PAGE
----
Can Physical Inactivity Cause Low Energy

The World Health Organization recommends at least 30 minutes of exercise daily, but most adults don’t meet these goals. The result of such physical inactivity is a widespread issue causing low energy and various health problems, including weakened joints, bones, muscles, blood vessels. Move your body, dance, or exercise but avoid sedentary lifestyle. In fact, the more sedentary our lifestyles become, the higher the risk of premature death. And knowing how beneficial exercise is for us isn’t always convincing enough to change our behavior.

For those dealing with a weakened heart or joints and other temporary or chronic health problems, physical therapy is often recommended to meet their exercise requirements. A trained therapist teaches you the best movements to manage weakened or injured joints, muscles, bones, and blood vessels. The exercises train the body to reduce muscle fatigue and improve circulation for higher blood oxygen levels. When you’re ready, your physical therapist will recommend new activities to try at home for a safer, healthier lifestyle.

Fairview rehab staff and residents dancing to discourage physical inactivity.

The Links Between Physical Inactivity and Low Energy

According to a comparative study by Timothy Puetz, 20% of adults experience persistent fatigue, likely resulting from inactivity 1. The less exercise and more sedentary your lifestyle, the lower your energy levels.

Physical inactivity can lead to fatigue and low energy because when we don’t move our bodies, our muscles become weaker, and our blood circulation slows down. This means less oxygen and nutrients reach our cells, making us feel tired and drained.

Even athletes who take a break for training due to deconditioning or injury aren’t exempt from such results. In fact, even a 4-6 week break from exercise causes significant muscle strength loss, as noted in Gregory Bogdanis’ article 2. When training resumes, muscle fatigue occurs more rapidly due to reduced muscle mass and blood flow.

So, why is physical inactivity so common, and how is it linked to low energy? Well, in the last couple of decades, our lives have become more sedentary. First of all, career options have transitioned from physical labor to computerized desk work. These days, most people use computers for work and recreation.

Though not as physically demanding, the mental work increases, causing blood sugar fluctuations, according to a recent article 3. When this occurs, we eat more, even though we aren’t active enough to burn those excess calories. The result is weight gain and fatigue, making us too tired to exercise and prevent further complications.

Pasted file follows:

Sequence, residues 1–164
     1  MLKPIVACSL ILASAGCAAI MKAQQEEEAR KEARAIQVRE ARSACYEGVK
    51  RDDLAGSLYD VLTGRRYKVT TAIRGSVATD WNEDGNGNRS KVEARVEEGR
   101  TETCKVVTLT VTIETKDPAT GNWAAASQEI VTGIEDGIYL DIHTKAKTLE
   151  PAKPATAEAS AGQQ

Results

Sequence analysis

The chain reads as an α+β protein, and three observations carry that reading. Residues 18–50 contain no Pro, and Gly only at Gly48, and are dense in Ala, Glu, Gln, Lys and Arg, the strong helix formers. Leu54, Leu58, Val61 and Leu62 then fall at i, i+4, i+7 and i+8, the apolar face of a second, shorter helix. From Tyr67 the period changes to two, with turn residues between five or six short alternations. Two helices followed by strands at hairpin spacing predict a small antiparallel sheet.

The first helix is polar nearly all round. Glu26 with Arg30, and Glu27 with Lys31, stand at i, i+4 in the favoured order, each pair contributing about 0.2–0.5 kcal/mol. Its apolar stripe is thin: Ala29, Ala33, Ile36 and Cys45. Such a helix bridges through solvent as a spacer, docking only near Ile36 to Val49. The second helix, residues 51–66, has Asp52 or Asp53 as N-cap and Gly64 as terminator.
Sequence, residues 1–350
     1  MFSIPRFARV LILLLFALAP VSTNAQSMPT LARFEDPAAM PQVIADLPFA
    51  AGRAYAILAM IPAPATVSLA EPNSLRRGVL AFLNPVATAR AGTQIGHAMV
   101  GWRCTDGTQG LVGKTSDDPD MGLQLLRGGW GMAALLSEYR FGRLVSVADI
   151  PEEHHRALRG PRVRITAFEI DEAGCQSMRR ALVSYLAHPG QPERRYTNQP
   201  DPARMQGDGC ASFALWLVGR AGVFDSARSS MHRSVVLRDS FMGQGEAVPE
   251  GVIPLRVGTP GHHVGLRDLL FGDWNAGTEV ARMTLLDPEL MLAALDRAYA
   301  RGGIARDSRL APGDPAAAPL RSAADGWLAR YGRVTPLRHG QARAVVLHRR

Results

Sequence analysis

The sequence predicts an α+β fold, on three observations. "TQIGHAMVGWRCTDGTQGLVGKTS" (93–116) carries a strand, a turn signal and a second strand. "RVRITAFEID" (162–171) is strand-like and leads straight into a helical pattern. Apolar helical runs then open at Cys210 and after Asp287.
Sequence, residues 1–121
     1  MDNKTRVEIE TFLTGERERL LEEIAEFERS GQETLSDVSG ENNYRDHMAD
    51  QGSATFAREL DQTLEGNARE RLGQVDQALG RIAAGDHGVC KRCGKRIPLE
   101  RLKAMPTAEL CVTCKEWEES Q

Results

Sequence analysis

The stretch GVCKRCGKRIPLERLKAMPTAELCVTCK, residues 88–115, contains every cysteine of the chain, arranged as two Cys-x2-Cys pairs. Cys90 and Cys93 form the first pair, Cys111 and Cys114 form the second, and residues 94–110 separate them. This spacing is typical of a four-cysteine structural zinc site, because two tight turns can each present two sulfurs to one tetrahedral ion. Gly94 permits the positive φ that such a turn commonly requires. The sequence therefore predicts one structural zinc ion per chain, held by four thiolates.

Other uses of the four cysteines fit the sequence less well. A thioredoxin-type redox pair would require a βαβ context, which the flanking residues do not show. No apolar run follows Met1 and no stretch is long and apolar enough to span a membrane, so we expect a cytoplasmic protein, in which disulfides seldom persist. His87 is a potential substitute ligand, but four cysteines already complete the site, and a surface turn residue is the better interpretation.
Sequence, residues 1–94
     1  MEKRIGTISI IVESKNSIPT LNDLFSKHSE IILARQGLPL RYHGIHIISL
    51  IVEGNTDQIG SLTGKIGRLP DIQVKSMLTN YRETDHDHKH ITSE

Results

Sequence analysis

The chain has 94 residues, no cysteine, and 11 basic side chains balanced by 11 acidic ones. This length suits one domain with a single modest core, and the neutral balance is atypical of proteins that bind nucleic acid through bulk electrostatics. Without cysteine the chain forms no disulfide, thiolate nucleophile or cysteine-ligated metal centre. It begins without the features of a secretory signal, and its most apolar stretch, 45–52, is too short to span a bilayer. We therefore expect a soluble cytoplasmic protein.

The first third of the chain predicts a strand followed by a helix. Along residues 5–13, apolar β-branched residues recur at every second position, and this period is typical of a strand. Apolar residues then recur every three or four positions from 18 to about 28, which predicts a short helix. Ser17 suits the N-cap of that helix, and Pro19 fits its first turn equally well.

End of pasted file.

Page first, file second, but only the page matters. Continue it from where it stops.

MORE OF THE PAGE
Another reason of physical inactivity is that our recreational activities also involve screens, including television, video or computer games, and various apps. The more time we spend in an inactive state, the faster our body weakens. We also snack more, choosing salty or sugary options instead of healthy foods that improve energy levels. Weight gain, insulin resistance, and muscle atrophy are the results, making it harder to get moving again.

Impact on sleep

Physical inactivity is one of the many factors that affect your sleep habits 4. It alters core temperature, mimicking the way the body prepares for sleep. There are also hormonal changes and body clock realignments that occur while working out.

If you’re lacking exercise in your routine, these functions begin to lag, causing sleep interference. Low energy doesn’t help you sleep better and may actually cause daytime fatigue, reducing your drive to exercise even more.

Impact on mental health

As well as causing physical issues, inactivity may result in mental health disorders 5. Low energy caused by lack of exercise and sleep problems may result in various mood disorders. In fact, the risk of anxiety and depression increases with reduced exercise and sedentary habits.

Physical activity also releases hormones that calm the mind and reduce stress. Without exercise, anger and stress worsen with no outlet to release them, reducing mental health even more.

Overall, staying physically inactive for extended periods can lead to a cycle of low energy, making it harder to get moving and break out of that cycle.

Physical activity triggers the release of endorphins, which are chemicals that boost mood and energy levels. Without exercise, these feel-good chemicals aren’t released as much, leading to lower energy and mood.


  1. Timothy W Puetz, (no date), Physical activity and feelings of energy and fatigue: epidemiological evidence
  2. Gregory C Bogdanis, May 17, 2012, Effects of Physical Activity and Inactivity on Muscle Fatigue
  3. Shirin Panahi and Angelo Tremblay, Sept. 9, 2018, Sedentariness and Health: Is Sedentary Behavior More Than Just Physical Inactivity
  4. Danielle Pacheco and Dr. Jenny Iyo, Dec. 22, 2023, Exercise and Insomnia
  5. (Several names), Sept 11, 2018, Changes in sedentary time are associated with changes in well-being over 1 year in young adults
This article contains informational and educational materials and does not replace health or medical advice. For questions or concerns regarding your medical condition or health objectives, speak to a qualified physician or healthcare provider.